Nie deny nie - roberta rich
Nie Deny Nie is a selection of new works created over the last 2 years, during my time in Johannesburg and Cape Town, South Africa.
‘These works utilise text and archival material as a vehicle to consider and explore notions of denial and reclamation, particularly within a southern African “Coloured” context both pre and post Apartheid. The exhibition reflects upon historical practices of Apartheid South Africa – its methodologies of classification, forced removals as a result of the Group Areas Act law, as well as my personal relationship to these histories.
Drawing often from experiences of “cross examination” as a primary source of research, I employ Afrikaans, colonial terms such as Coloured, appropriated as Coloured™ in my work as a platform for discussing the complexities of African identity. These practices for me, act as a navigation tool through a complex field of rejection and reclamation of language, to find and ascertain empowering forms of self-determination and positive representation of African identity'.
Roberta Rich's residencies and research over the past two years in South Africa was supported by the Australia Council for the Arts ArtStart program, the Sainsbury Sculpture Grant, established in memory of the late Madeline Olive Taylor through her estate and The Freedman Foundation Travelling Scholarship for Emerging Artists, both administered by the National Association for the Visual Arts (NAVA), Assemblage Studios, TwilSharp Studios and Greatmore Studios.
Clockwise from entrance
1. It was a generally accepted fact, 2016. Framed Serigraph on paper, Edition of 5. 80 x 35 cm. $420
2. 192 Denials in ‘78, 2016. Framed Serigraph on paper, Edition of 5. 80 x 35 cm. $430
3. 152 Denials in ’79, 2016. Framed Serigraph on paper, Edition of 5. 80 x 35 cm. $430
4. Amendment Denial Act, 2016. Framed Serigraph on paper, Edition of 5. 80 x 35 cm. $420
5. ColouredTM, 2016. Framed Serigraph on paper, Edition varies of 5. 80 x 35 cm. $550
6. 136 Denials in ’76, 2016. Framed Serigraph on paper, Edition of 5. 80 x 35 cm. $430
7. 98 Denials in ’77, 2016. Framed serigraph on paper, Edition of 5. 80 x 35 cm. $430
8. Deny, Denial, Denied, 2016. Framed Serigraph on paper, Edition of 5. 80 x 35 cm. $450
9. Nie Deny Nie, 2016. Framed Serigraph on paper, Edition of 5. 80 x 35 cm. $450
10. Remembering District Six, 2016 – 2018. Single channel HD video, duration 12’52’’.
11. your idea of africa sucks, 2017. Silkscreen on silk, mixed media installation. $1100
12. ColouredTM #1, 2016. Tapestry with found canvas. Dimensions 75cm x 50cm approximately.
13. ColouredTM #2, 2016. Tapestry with found canvas. Dimensions 75cm x 50cm approximately.
lighthouse - tamara baillie
Woe betide those that say
They don’t need no light to guide their way
Think they're safe on their own--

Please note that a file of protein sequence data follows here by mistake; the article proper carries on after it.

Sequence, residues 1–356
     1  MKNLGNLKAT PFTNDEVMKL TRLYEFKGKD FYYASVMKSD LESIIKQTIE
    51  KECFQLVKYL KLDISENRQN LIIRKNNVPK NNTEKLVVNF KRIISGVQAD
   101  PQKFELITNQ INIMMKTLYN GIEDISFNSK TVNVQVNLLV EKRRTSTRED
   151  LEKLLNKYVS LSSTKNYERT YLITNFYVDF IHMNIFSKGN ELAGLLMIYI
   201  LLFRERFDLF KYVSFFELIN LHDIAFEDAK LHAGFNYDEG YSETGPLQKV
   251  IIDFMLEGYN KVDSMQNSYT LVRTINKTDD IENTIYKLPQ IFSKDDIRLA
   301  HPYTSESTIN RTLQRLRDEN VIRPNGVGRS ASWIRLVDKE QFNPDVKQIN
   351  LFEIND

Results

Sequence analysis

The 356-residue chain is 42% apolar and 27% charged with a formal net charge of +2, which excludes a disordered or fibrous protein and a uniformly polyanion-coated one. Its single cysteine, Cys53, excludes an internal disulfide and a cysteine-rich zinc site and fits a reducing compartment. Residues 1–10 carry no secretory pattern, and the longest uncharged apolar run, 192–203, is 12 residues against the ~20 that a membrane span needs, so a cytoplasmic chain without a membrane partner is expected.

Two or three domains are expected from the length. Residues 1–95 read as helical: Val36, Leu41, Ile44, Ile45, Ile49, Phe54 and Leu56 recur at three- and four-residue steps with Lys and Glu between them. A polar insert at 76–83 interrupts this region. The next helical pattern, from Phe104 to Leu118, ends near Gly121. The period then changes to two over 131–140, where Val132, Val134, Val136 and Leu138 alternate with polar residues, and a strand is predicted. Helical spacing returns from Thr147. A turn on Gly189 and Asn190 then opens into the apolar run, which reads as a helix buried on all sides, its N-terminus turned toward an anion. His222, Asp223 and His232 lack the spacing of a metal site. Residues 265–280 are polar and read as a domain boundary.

Drown in murky depths below
-- Chad Alan Gracey, Chad David Taylor, Edward Joel Kowalczyk, Patrick Dahlheimer
This new work expands on Baillie’s cartographically-inspired installations of sugar-cured muslin and salt-water mark making, which seek to chart the dark territories obscured by traditionally accepted narratives of exploration and discovery.
Her unique processes create haunting psycho-geographies that respond simultaneously to physical and emotional terrain. The resulting installations are non-linear spaces that offer a relational experience of landscape and question our accepted understandings of collective identity and memory.
Taking as a starting point her own explorations of elusive familial and cultural histories, her practice often considers strategies for masking, concealment and control. Her work is informed by both the Australian landscape and the many ghosts that inhabit it. The experience of navigating these ephemeral forms creates an unavoidably personal engagement with both the physical and emotional topography.
Supported by Helpmann Academy and Arts South Australia.
Lighthouse, 2018, sugar, cotton, wire, light.
t e n d e r / r u i n - KATHERINE CORCORAN
t e n d e r / r u i n investigates the potential for queer subjectivity and atypical modes of desire to be explored as virtual centres of power. J.E Munoz describes a queer aesthetic as having the capacity to map a forward-dawning futurity and to carve paths of potentiality. The installation syncs the embodied with the simulated and considers modes of existing and desiring that splinter from the norm. A flesh that flows, a sound that fucks, a platonic hard on ~ tender manifestations and delusions that ruin. It looks towards a subtle body politic and mindful contemplation where queerness can reveal utopian ideals.
Katherine Corcoran works with digital media, sculpture and performance. Her practice is led by an interest in queer subjectivity, virtual intimacy and embodiment. She is currently undertaking an MFA by Research at UNSW Art and Design and has has exhibited at Casula Powerhouse, ACMI, 4a Centre for Contemporary Asian Art, Firstdraft Gallery, Underbelly Arts Festival, Bus Projects, and Grace and Fyfe Gallery, Glasgow.
J. E. Munoz, Cruising Utopia: The Then and There of Queer Futurity, NYU Press, 2009
swell, 2017, two channel hdv, 3:00
rush, 2018, single channel hdv, 3:00
bruise, 2017, single channel hdv, 3:00
bend, two channel hdv, 3:00